trying to keep up
Two weeks into summer classes, and I am of course behind. However, not too badly since I am only teaching one class, an advanced communication class. We have been working on their first videos. For that, I have updated the Windows MovieMaker Resources page.
One thing I learned this week is that it is not advisable to drag and drop a video into the XP MovieMaker program, the only one we have on our computers in the lab, because it doesn’t import the video, but it will look like it has because the MovieMaker application allows the editor to manipulate and edit the video. However, the problem comes when the students tried to save their video. It would not save. They were getting messages about not having the proper sources, which they appeared to have. Apparently, by dropping the video into MovieMaker the program did not process it like it would if the video was imported.
This summer, I have been working at analyzing the highest level reading course in order to write learning outcomes since that is going to be a college wide requirement soon based on our accreditation recommendations. Currently, the college only has to do it for the general education required courses to keep accreditation. Still, it looks like that is a sign of things to come.
To return to my working on the analysis, I have taken the state reading exit exam skills and tried to analyze them for what a reader needs to do, how the skills match to the textbook and workbook, and on which tests the skills are tested. It has proven to be somewhat revealing. As I analyzed the tests supplied by the textbook writer, I found certain skills were hardly treated and some were treated out of the order of the textbook. For example, drawing conclusions is addressed in the middle of the textbook, but there are a few questions that require drawing conclusions on the first unit test which comes after an introductory chapter that deals basically with study skills and vocabulary. Know this, we can revise the test to exclude some if not all of these questions and add questions that either address the skills taught in the chapters covered or preview skills in the coming chapters. This information should be helpful in rewriting the unit tests we have plus identifying areas that are not being addressed well.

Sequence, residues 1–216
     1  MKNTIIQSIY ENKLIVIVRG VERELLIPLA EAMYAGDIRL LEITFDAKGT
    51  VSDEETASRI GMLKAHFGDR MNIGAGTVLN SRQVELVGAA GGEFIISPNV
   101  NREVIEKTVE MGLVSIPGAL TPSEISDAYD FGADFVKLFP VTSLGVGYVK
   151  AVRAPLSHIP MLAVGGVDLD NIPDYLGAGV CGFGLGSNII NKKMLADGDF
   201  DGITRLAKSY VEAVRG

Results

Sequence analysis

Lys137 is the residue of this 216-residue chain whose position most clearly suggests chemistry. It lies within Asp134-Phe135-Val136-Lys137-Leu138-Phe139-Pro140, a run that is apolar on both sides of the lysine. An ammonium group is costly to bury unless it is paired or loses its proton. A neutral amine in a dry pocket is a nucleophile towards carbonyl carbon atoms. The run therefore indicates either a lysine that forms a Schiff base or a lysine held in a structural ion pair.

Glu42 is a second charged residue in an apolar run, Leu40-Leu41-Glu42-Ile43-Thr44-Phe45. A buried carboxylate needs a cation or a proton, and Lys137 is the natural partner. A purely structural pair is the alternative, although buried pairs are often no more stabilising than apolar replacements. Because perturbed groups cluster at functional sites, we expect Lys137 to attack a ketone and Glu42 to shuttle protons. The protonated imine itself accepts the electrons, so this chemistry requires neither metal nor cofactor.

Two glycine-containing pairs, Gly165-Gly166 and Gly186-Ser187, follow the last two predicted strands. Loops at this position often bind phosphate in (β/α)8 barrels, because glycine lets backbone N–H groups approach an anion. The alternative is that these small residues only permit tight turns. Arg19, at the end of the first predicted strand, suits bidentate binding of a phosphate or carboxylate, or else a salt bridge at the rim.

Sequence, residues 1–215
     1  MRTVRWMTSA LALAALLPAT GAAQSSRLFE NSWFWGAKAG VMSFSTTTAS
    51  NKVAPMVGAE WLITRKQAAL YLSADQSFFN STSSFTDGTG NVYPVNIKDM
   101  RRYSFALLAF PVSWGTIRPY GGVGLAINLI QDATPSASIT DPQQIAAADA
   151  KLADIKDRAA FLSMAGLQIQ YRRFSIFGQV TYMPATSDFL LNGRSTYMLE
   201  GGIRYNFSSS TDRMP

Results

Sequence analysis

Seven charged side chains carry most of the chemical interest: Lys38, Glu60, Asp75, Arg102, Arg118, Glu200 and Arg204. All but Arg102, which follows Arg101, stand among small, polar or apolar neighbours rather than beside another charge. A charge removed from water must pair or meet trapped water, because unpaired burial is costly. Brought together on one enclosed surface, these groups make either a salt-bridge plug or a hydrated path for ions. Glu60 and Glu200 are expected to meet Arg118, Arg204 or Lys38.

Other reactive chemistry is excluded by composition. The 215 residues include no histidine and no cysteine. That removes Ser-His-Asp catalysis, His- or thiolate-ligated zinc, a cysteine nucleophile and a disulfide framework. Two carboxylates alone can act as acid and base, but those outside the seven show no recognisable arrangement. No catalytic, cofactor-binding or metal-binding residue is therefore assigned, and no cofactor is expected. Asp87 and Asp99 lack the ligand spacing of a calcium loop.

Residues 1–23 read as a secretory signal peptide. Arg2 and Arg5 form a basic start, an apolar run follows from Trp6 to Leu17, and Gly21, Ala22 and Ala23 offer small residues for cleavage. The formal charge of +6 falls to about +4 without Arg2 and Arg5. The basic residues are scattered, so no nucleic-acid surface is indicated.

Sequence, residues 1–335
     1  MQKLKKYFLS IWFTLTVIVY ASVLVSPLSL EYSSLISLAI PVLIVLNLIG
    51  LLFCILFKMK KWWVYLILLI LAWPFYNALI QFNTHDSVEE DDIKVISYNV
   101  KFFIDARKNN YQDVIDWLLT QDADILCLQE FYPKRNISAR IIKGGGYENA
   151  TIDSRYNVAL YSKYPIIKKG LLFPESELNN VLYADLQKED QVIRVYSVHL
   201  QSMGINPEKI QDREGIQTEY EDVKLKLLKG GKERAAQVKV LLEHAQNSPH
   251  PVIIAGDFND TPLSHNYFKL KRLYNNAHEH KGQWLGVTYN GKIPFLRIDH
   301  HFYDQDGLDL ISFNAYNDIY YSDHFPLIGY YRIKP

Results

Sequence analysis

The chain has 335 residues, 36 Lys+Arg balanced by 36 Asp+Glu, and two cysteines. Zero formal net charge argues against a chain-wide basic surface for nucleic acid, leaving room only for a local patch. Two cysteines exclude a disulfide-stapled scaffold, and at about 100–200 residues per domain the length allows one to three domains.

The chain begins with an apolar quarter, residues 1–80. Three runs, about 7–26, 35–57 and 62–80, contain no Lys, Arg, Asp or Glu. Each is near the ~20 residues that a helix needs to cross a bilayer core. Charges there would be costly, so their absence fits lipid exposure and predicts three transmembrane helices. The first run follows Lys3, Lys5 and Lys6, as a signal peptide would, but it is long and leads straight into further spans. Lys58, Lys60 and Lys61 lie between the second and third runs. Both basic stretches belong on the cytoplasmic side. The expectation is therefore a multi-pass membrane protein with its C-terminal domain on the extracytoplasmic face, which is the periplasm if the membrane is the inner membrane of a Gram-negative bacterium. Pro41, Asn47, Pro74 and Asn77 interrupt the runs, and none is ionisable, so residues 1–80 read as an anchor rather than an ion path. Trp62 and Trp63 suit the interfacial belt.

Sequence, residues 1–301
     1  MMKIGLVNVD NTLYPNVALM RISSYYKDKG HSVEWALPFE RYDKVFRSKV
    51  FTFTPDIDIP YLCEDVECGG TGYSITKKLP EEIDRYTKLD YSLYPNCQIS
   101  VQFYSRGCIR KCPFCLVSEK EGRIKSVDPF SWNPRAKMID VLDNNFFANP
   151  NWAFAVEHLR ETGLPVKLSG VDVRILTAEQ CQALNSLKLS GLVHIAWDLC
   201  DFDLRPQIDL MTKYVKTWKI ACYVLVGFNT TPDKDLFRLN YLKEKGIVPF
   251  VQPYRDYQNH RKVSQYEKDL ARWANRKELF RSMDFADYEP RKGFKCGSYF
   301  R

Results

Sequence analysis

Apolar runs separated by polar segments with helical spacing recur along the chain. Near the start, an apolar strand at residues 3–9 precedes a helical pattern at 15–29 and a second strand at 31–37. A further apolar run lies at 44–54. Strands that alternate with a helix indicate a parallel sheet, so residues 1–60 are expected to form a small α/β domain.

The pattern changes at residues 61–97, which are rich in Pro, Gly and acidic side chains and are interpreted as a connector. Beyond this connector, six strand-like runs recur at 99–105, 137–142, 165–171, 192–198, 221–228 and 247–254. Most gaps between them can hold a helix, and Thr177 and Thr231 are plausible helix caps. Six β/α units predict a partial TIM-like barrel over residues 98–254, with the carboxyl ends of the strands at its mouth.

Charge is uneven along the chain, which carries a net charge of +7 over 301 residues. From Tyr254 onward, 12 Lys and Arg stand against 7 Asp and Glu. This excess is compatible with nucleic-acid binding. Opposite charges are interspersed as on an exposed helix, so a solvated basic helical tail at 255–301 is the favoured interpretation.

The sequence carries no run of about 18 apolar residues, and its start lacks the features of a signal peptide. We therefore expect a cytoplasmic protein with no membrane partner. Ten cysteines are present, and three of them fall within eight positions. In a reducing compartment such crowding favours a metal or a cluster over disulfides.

Now I will take a shot at writing learning outcomes for these skills. If I can get them done for this reading class, I should be able to adjust it to the lower level classes and then take on the writing and communication classes. I see some advantages to doing this. First of all, it will give teachers a better idea what to teach and how things fit together. Second, we can give students an edited version so they know what to expect from the class. Third, it will help us redesign tests and other assessments. Fourth, it will provide a basis for a teacher’s guide that new teachers will be able to use to get up to speed on our classes.